Five students crowd around a table and take out their journals and origami works-in-progress, some simple and some more elaborate. This is Mathematics and Art, a new half course taught by math faculty member Anne Kaufman.
In this first unit of the semester, Ms. Kaufman is using Dr. Robert Lang’s website and TED talk on math and the magic of origami as a jumping-off point. “Figuring out the folding process allows students to do things they couldn’t imagine doing before. And seeing the bones of shapes has been an interesting exercise,” she says.
Students use Dr. Lang’s TreeMaker software as they progress to more sophisticated shapes. Today, each student chooses an animal from images of “taxidermy origami,” 3D images of animal heads folded out of one piece of paper. First, they must sketch out a stick figure of the base before figuring out the crease patterns.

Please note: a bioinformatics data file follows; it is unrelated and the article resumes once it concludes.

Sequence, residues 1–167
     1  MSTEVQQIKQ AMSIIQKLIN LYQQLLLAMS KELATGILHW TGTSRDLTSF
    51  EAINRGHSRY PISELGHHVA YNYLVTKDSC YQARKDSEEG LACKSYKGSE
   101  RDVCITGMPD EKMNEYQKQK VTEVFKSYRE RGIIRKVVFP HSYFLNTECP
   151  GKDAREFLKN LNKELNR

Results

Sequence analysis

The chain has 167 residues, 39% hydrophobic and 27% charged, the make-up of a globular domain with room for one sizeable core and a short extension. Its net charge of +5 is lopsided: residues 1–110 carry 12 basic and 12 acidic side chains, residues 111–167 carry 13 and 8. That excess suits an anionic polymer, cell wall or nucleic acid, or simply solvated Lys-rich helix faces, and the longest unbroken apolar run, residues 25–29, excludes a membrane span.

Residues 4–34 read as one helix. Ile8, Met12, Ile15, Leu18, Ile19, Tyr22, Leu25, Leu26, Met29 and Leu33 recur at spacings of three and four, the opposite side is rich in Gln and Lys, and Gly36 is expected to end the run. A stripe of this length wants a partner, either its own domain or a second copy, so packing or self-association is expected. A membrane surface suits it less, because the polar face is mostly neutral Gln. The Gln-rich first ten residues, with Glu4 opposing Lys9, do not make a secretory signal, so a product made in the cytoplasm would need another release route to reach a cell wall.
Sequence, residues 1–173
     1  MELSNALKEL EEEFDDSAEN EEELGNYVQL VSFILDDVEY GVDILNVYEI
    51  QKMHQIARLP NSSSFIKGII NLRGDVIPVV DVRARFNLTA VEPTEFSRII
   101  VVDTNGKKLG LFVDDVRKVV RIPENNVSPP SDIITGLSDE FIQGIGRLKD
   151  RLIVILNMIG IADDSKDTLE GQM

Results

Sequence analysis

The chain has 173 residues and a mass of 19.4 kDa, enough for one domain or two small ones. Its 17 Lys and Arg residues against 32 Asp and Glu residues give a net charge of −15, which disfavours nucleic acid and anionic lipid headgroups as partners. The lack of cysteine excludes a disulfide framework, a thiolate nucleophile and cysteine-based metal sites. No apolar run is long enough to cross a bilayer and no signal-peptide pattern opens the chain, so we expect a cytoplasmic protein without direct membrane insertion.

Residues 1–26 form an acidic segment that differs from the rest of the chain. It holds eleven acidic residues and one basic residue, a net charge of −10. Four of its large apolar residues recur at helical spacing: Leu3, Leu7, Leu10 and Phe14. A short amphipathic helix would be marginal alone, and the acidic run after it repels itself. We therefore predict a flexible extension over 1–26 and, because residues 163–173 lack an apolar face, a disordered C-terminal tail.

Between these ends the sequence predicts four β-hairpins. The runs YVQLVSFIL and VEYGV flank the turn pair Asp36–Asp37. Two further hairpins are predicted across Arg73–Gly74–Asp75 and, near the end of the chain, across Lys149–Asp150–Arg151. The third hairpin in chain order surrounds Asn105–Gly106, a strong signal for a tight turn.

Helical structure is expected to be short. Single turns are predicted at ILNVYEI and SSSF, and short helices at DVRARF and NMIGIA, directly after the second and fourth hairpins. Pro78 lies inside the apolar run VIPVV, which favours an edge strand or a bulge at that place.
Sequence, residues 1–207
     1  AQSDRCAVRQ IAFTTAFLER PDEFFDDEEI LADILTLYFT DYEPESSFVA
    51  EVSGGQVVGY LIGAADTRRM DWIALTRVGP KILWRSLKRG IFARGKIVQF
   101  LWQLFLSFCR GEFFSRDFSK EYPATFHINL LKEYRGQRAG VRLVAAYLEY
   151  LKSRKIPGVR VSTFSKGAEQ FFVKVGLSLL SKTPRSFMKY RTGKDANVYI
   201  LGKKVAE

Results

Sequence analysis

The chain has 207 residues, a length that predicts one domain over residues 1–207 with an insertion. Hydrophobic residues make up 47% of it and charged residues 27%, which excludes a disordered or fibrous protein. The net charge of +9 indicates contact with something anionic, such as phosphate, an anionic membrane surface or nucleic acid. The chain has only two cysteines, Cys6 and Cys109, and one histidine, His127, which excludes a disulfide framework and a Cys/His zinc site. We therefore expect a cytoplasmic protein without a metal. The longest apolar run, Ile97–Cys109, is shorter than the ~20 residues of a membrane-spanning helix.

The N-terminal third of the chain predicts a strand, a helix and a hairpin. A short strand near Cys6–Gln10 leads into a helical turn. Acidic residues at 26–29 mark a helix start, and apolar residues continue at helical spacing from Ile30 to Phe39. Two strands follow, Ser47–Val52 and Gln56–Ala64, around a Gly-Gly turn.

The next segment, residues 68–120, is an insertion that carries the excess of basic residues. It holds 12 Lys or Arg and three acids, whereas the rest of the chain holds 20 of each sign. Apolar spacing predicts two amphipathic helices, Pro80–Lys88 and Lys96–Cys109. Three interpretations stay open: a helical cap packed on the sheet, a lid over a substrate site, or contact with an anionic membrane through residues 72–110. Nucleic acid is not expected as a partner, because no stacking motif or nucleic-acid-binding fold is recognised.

Ms. Kaufman says after the origami unit, they will move onto perspective, particularly looking at the “bones” of painting. Throughout the year, students will work in a range of media from digital design and 3D printing to fiber arts. Faculty members from other departments will also contribute in areas such as engineering.
When class is over, there is a collective groan from students because they enjoy this work. One student has questions about the difficulty of taxidermy origami. “What does the phrase productive struggle mean to you?” Ms. Kaufman asks the whole class. “There’s value in the struggle. The process of trying to figure it out is useful in seeing how folding and math come together. Continue to experiment, and if it doesn’t work, it doesn’t work. We will talk about why next time.”